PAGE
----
How to Simplify Fractions | Methods and Examples
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- Simplify Fractions
Overview of Simplify Fractions:
Let's say you arrive at a fraction at the end of a calculation. We have been traditionally taught to reduce such a fraction to its lowest terms or rewrite it in the simplest form. Have you wondered why? Well in this lesson, we'll learn how to simplify fractions as well as know why we should simply fractions.
Let's take a pizza, for instance, and slice it into six equal parts.
If you gobble 3 slices, what fraction of the pizza will be left over?
We'll have 36.
Now to make this fraction simpler, we can put the leftover pieces together.
You can see that one-half of the pizza is left. So, 36 when reduced or simplified is nothing but one-half.
✯ Look at the pizza example above and find which is the easier way of talking about the part you ate: three-sixths of the pizza or half of the pizza. You will most likely root for "half", enabling us to unravel our first advantage – fractions in simplest form are easy to understand. This is why fractions abound in our day-to-day conversations, too.
✯ We use simplified fractions while measuring ingredients as in "a quarter tablespoon of sugar" or measuring water in the tank as in "three-fifths of the tank" for example.
✯ When we talk about partnerships, simplified fractions are a time-saver! We say for instance, "One-third of this property belongs to Fred, and the remaining two-thirds are owned by Nick."
✯ Finally, when we have complicated answers when solving mathematical problems, say, 78104, it's better if we reduce the answer to the lowest terms. Here, 78104 in its simplest form would be 34.
That's straightforward, isn't it?
Now, let's get back on track! Let's see how fraction simplification can be done mathematically.
One simple, but very effective, way is to write the numerator and denominator as products of their prime factors.
As you can see, the 3 in the numerator and the 3 in the denominator cancel out each other, and we are left with 12. Now we cannot reduce this any further as the only common factor between the numerator(1) and denominator(2) is 1.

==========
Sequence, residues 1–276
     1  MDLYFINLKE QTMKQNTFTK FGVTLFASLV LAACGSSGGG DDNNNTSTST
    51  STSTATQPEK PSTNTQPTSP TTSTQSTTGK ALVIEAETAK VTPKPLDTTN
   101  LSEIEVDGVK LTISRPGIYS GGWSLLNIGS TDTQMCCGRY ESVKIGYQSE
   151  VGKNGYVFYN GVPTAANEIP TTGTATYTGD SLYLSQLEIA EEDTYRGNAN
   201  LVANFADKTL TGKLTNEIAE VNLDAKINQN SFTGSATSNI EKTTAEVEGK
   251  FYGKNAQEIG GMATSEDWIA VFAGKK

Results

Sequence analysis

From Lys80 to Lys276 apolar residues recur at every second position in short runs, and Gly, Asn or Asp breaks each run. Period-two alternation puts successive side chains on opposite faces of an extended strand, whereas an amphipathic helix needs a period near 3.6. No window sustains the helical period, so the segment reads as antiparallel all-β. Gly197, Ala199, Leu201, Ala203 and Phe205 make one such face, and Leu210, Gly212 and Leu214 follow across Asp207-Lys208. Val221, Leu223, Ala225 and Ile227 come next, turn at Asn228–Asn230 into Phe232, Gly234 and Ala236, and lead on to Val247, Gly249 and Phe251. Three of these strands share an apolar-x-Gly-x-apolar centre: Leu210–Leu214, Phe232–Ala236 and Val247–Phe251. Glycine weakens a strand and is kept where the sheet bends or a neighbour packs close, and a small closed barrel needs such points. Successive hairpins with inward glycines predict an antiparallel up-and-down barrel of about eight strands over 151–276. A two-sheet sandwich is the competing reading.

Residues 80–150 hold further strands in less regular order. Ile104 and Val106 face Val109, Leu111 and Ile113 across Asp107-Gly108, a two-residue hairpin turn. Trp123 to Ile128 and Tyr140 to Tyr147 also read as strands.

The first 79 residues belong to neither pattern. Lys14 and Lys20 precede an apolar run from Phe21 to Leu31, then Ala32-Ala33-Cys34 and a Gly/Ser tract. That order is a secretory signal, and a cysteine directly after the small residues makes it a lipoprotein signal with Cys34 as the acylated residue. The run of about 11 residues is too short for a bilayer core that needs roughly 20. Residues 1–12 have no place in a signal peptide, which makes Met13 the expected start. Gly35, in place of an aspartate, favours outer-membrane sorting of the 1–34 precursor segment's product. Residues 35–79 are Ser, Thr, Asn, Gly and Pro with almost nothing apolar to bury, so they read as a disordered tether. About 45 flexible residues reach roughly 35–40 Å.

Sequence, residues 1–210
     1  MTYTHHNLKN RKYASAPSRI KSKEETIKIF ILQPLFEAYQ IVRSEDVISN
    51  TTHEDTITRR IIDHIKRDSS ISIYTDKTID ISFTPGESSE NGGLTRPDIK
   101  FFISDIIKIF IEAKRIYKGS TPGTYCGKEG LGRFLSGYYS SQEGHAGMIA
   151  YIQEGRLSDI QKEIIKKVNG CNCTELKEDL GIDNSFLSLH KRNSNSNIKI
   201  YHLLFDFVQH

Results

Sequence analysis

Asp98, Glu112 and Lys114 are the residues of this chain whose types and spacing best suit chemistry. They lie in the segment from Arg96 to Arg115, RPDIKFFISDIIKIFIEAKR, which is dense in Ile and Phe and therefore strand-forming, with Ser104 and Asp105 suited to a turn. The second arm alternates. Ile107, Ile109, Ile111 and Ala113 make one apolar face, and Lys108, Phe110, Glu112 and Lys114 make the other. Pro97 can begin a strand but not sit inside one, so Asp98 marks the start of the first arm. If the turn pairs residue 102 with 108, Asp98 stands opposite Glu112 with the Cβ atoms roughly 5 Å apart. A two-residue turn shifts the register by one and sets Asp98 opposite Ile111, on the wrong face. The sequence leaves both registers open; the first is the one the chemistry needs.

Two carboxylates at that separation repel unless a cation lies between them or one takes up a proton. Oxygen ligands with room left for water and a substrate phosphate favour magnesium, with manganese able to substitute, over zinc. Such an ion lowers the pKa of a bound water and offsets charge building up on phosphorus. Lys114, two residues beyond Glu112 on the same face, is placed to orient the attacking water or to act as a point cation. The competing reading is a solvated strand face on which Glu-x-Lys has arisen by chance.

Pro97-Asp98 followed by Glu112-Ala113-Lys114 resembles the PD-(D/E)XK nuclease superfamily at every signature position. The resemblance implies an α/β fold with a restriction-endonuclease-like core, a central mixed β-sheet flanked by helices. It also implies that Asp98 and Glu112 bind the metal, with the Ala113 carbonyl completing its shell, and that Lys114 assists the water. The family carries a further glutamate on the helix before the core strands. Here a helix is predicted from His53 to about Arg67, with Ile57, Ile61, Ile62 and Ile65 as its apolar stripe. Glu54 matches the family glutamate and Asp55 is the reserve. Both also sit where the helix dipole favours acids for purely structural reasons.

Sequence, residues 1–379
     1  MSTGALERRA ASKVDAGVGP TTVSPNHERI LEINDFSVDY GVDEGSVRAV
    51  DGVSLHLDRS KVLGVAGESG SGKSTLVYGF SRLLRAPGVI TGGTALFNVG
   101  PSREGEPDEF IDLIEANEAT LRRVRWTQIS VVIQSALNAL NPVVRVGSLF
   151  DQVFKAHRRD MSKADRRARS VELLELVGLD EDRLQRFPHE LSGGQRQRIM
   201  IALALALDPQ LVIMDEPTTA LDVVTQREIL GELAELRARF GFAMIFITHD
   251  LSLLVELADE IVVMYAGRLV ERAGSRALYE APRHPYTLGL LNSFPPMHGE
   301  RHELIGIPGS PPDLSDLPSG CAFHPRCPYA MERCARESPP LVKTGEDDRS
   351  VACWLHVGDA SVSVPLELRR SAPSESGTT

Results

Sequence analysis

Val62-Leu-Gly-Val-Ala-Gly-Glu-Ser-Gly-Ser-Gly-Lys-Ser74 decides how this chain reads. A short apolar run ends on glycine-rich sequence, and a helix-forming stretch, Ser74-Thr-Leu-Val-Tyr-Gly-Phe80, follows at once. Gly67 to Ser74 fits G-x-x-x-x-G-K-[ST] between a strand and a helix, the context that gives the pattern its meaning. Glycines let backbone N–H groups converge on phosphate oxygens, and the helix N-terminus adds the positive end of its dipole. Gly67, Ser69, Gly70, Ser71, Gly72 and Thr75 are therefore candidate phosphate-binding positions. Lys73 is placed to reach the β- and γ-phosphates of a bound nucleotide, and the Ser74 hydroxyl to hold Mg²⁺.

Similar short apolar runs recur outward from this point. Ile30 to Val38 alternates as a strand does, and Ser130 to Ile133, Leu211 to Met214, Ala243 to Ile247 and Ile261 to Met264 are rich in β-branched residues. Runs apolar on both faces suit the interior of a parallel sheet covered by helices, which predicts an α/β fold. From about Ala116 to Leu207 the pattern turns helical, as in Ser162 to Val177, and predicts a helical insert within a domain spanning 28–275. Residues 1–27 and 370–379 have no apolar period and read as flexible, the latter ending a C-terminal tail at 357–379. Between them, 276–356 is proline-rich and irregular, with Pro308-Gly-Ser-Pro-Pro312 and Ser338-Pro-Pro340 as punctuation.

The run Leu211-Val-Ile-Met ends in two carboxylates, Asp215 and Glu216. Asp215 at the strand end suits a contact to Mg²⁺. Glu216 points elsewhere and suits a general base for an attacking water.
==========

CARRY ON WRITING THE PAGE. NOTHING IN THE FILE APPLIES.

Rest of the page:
From this we can conclude that a fraction is said to be in its simplest form if 1 is the only common factor of its numerator and denominator.
As simple as ABC, isn't it?
Let's gallop through by reducing or simplifying one more fraction.
12 = 2 x 2 x 3
15 = 3 x 5
Multiplying what’s left, we have 45.
So, 1215 is reduced to 45.
This is the method that brings equivalent fractions into play. Every step will require the application of divisibility rules, though. Let's, for example, rewrite 45108 in its lowest terms.
Both numbers are divisible by 3. So when we divide by 3, the equivalent fraction created thus would be:
Again the numbers are divisible by 3. Repeating the step, we create another equivalent fraction.
No factor is common now except 1; thus, 45108 in its simplest form is 512.
Rather than plowing through the multiple steps involved in canceling the common factors one after another, we can put any fraction in its simplest form at one stroke. Simply find the greatest common factor (GCF) of the numerator and denominator and cancel it out. This method works out faster when it comes to larger numbers.
Let's take the fraction 225240.
Therefore, GCF(225, 240) = 3 x 5 = 15.
Note: We can also find the prime factorization using the division method.
Now when we cancel off 15 from the fraction, we'll arrive at the simplest form of the fraction.
Thus, the simplest form of 225240 is 1516.
That was quick, wasn't it?
1. Are these fractions in their simplest form?
a) 311 – Yes, it's in the simplest form.
b) 1327 – Yes, it's in the simplest form.
c) 1648 – No, it's not in the simplest form.
2. Simplify the following fractions.
a) 5566 5566 = 56
b) 13169 13169 = 113
c) 1640 1640 = 25
A fraction is easier to interpret in its simplest form.
A fraction can't be reduced further if its parts have only '1' as the common factor.
We can simplify a fraction by using the prime factorization of the numerator and denominator, by canceling out the greatest common factor from them, or by creating an equivalent fraction.